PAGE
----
BILL DAVIS: Yes, that is a part of it, and it's the first year in the system and he's still learning the intricacies of it. If we're three, four years down the road and Boykin has all the experience in the world, I'll bounce him in and out. But right now I just believe and we believe as a staff that the best growth for the defense is to have him compartmentalized at the nickel spot.
Every time I talk to somebody on the defensive line after a game where you've played well, they said, well, we wanted to stop the run first. Is that the philosophy of this defense, that we need to stop the run first?
BILL DAVIS: On certain games, yes. Had Aaron Rodgers played in that last game, I don't know that that would have been our emphasis. But because of the way it played out, it was to stop the run, and our D line is created that way. When we are in our base package, yes, it is to stop the run first, and I think any goal is to make a team one dimensional, and when you can make them one dimensional, it's easier to defend either the all in on the run or the all in on the pass, and when you have the elite quarterbacks now, you have a little bit of a balance issue.
But I guess to answer your question, most weeks it is about being all in to stop the run first and then from there moving to stop the pass.
BILL DAVIS: Well, like we've said from the beginning, I think the scheme change is putting less stress on safeties to fill an interior gap, so he can focus more on the pass. Secondly, I think his angles and the fundamentals that [defensive backs] Coach [John] Lovett and [assistant defensive backs] Coach [Todd] Lyght have been teaching in the tackling, and we're teaching tackling every day. I think the one thing in tackling that we saw from a year ago is everything was an arm tackle because the head placement was wrong, and I think we work hard on the head placement, which turns an arm tackle into a body tackle, and I think Nate has benefitted along with the rest of them from that.
Watching the tape from Sunday, how frustrating was it to see that their longest gain of the day, the receiver was out of bounds and you didn't challenge it? What was the mechanics of that?
BILL DAVIS: You know, like everything in the course of a game, we've got my role specifically is to get this to the next call and assume that that was called correctly and everybody in the box is watching the television monitor. Well, on that particular case, it was late, kept asking, is it in, is it in, we haven't seen it yet, we haven't seen it in. When they did see it, nobody was positive. We always say let's not make Chip [Kelly] throw this red flag if we're not positive. But one clip we saw was right up at the tail end, we had to make a judgment call. We were wrong. Obviously everybody saw a lot more views than we did at the time. We made the call, moved on. We would have loved to have it back now seeing the multiple views. But one thing that caught me is I glanced up after I saw two feet in, and without seeing the whole clip, you see two feet in, then you have to see the rest of it, and that's the first thing I was looking for, both feet in. Well, they were. Now the whole elbow thing obviously later on when you saw the clip, you're like, oh, boy, we missed that one.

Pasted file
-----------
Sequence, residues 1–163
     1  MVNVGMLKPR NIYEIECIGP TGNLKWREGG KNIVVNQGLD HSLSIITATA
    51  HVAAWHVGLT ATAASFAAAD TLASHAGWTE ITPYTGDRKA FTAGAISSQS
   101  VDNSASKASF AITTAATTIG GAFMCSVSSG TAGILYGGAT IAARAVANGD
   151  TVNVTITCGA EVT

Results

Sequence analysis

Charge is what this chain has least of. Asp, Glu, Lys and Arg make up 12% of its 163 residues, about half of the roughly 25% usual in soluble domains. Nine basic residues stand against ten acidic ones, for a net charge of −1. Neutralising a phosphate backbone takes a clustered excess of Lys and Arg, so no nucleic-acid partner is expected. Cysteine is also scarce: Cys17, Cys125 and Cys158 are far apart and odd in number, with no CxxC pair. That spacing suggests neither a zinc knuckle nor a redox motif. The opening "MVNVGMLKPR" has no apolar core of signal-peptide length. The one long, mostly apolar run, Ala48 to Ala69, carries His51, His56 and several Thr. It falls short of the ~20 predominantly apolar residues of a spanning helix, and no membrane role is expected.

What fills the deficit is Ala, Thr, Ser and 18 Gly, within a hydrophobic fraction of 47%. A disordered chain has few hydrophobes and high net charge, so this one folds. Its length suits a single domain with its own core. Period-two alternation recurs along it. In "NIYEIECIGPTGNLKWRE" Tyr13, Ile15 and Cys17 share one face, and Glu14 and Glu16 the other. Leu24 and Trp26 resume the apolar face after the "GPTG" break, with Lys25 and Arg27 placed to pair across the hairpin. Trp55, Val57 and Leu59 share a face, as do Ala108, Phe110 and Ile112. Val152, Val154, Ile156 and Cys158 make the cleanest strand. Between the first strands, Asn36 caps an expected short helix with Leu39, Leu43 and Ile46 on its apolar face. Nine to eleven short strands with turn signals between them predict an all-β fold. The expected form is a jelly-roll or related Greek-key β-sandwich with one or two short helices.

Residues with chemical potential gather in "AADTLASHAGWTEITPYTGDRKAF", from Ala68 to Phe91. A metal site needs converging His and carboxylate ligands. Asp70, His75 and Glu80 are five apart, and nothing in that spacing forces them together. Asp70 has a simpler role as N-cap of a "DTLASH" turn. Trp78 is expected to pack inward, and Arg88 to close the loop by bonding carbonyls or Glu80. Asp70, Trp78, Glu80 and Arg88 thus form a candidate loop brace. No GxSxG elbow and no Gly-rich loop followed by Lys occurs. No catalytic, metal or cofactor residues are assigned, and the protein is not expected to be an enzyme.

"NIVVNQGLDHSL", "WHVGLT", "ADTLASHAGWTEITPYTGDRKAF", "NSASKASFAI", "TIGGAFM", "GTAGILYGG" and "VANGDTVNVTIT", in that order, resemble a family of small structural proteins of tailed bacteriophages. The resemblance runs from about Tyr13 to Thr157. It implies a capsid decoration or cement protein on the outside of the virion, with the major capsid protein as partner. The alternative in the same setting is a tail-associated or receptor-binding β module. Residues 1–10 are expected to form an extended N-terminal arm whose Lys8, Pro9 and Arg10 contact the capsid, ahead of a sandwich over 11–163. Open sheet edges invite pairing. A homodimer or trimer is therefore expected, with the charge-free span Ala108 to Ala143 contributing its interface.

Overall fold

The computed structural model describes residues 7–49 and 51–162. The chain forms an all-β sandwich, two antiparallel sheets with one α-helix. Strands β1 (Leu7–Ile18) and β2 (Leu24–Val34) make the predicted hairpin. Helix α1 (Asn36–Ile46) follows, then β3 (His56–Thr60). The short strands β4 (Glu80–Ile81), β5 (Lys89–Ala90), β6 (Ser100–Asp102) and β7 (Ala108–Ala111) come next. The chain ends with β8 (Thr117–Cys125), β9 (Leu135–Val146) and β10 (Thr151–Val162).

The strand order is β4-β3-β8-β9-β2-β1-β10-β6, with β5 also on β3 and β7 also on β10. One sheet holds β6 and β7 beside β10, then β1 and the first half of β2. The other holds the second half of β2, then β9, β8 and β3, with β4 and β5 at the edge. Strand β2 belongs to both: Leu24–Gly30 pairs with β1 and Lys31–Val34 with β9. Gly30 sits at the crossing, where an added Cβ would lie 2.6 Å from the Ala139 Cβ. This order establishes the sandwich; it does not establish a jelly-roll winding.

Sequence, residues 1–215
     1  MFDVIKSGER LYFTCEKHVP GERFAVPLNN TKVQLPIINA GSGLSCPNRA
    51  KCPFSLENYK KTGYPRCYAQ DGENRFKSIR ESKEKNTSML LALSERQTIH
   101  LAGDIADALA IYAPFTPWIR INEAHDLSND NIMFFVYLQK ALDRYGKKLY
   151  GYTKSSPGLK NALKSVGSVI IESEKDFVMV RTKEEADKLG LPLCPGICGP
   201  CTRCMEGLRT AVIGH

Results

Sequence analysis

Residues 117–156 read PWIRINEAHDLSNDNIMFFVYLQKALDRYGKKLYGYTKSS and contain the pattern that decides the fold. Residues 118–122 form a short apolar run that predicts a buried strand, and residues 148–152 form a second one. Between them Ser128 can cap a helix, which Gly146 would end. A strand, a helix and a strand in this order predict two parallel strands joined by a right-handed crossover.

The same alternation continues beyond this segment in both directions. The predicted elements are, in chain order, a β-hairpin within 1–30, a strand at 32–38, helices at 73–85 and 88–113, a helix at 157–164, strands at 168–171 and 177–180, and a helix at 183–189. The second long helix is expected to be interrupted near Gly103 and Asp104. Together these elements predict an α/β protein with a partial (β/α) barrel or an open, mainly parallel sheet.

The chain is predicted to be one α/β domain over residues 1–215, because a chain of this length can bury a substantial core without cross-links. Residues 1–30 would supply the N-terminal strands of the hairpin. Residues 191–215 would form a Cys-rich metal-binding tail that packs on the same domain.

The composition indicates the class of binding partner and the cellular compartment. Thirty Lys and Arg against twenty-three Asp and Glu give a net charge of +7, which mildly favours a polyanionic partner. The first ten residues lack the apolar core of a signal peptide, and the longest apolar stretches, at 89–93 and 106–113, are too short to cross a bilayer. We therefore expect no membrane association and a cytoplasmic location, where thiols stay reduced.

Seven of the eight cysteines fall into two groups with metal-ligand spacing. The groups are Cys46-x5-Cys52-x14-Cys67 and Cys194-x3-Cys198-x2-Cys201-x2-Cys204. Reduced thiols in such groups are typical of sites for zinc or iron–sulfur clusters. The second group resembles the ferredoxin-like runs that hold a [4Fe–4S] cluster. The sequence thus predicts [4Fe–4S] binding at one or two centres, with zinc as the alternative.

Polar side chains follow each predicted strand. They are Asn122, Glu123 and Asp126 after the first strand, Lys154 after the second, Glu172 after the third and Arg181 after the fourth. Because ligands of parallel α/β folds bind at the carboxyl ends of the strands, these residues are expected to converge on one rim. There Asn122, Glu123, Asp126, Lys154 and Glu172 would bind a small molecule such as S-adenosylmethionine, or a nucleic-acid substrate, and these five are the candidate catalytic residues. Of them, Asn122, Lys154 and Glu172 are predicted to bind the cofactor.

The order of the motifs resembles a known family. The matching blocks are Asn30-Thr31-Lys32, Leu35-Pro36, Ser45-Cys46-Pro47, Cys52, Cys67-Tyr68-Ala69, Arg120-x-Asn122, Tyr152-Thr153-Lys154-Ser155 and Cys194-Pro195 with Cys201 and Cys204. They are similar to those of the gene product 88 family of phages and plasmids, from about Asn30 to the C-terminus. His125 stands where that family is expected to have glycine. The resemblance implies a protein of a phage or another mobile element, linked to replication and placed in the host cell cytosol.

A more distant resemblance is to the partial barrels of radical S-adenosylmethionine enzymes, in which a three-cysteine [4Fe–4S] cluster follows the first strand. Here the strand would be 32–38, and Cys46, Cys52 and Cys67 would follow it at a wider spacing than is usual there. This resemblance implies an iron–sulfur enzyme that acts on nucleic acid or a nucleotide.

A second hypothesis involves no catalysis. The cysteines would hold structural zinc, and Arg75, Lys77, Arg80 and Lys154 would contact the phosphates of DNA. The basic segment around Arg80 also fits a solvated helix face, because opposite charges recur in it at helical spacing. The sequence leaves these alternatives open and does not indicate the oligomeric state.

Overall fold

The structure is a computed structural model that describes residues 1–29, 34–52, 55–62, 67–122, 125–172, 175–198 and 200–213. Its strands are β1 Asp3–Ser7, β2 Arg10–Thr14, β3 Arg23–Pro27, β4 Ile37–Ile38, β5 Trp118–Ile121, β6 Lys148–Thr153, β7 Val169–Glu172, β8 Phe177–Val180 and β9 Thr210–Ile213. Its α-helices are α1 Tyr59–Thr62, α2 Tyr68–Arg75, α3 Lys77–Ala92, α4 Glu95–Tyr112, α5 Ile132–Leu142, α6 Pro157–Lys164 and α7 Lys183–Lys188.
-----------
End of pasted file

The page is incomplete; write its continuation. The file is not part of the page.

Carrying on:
But the fact of the matter is on a split second we've got to make the call and we made it, and we missed. That's all.
Do you think it's right for coaches to be in the business of making sure calls are right?
BILL DAVIS: Well, I kind of like it on our side. If we can see it and make it, and I think we'll make more right calls than wrong calls, but like everybody, every now and then you miss. We missed on that one, but I do like having the ability to be involved in the decision.
Has there been any revamping how you guys are doing that, any discussion internally about changing how you approach challenges?
BILL DAVIS: You can only deal with what you see, and I don't think there's a flaw in it right now. We had a lot of eyes in the box looking at it, and whoever wants to stand up and say, hey, definitely throw the flag, then we usually we throw it. We did miss that one, but I don't know if we've made a lot of right calls. Even though we missed that one, I don't know if the system is flawed.
You referenced the elbow and Chip referenced that, as well, but any part of the body has to be out in that circumstance, right, so the hand was out, it doesn't need to be the elbow, right?
BILL DAVIS: Yeah, he was out. I mean, and we missed that. But again, it was a quick clip, and again, we made a judgment call and we were wrong. But no. Having looked at it now, yeah, I would have loved to have that one back, yeah.